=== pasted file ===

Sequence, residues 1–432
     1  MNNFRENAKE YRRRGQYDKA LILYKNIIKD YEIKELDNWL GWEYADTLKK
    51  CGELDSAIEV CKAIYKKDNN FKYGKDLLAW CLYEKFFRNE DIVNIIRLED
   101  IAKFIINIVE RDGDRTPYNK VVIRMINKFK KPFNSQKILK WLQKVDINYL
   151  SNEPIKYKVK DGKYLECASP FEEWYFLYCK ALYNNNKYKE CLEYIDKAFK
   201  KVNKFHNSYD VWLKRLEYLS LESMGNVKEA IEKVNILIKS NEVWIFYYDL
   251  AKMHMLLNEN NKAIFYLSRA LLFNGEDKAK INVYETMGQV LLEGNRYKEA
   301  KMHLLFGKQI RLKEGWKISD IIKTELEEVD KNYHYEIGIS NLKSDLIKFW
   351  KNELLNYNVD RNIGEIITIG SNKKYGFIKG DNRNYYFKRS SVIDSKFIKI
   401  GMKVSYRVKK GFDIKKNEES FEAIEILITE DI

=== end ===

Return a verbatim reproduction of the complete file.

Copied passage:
Sequence, residues 1–432
     1  MNNFRENAKE YRRRGQYDKA LILYKNIIKD YEIKELDNWL GWEYADTLKK
    51  CGELDSAIEV CKAIYKKDNN FKYGKDLLAW CLYEKFFRNE DIVNIIRLED
   101  IAKFIINIVE RDGDRTPYNK VVIRMINKFK KPFNSQKILK WLQKVDINYL
   151  SNEPIKYKVK DGKYLECASP FEEWYFLYCK ALYNNNKYKE CLEYIDKAFK
   201  KVNKFHNSYD VWLKRLEYLS LESMGNVKEA IEKVNILIKS NEVWIFYYDL
   251  AKMHMLLNEN NKAIFYLSRA LLFNGEDKAK INVYETMGQV LLEGNRYKEA
   301  KMHLLFGKQI RLKEGWKISD IIKTELEEVD KNYHYEIGIS NLKSDLIKFW
   351  KNELLNYNVD RNIGEIITIG SNKKYGFIKG DNRNYYFKRS SVIDSKFIKI
   401  GMKVSYRVKK GFDIKKNEES FEAIEILITE DI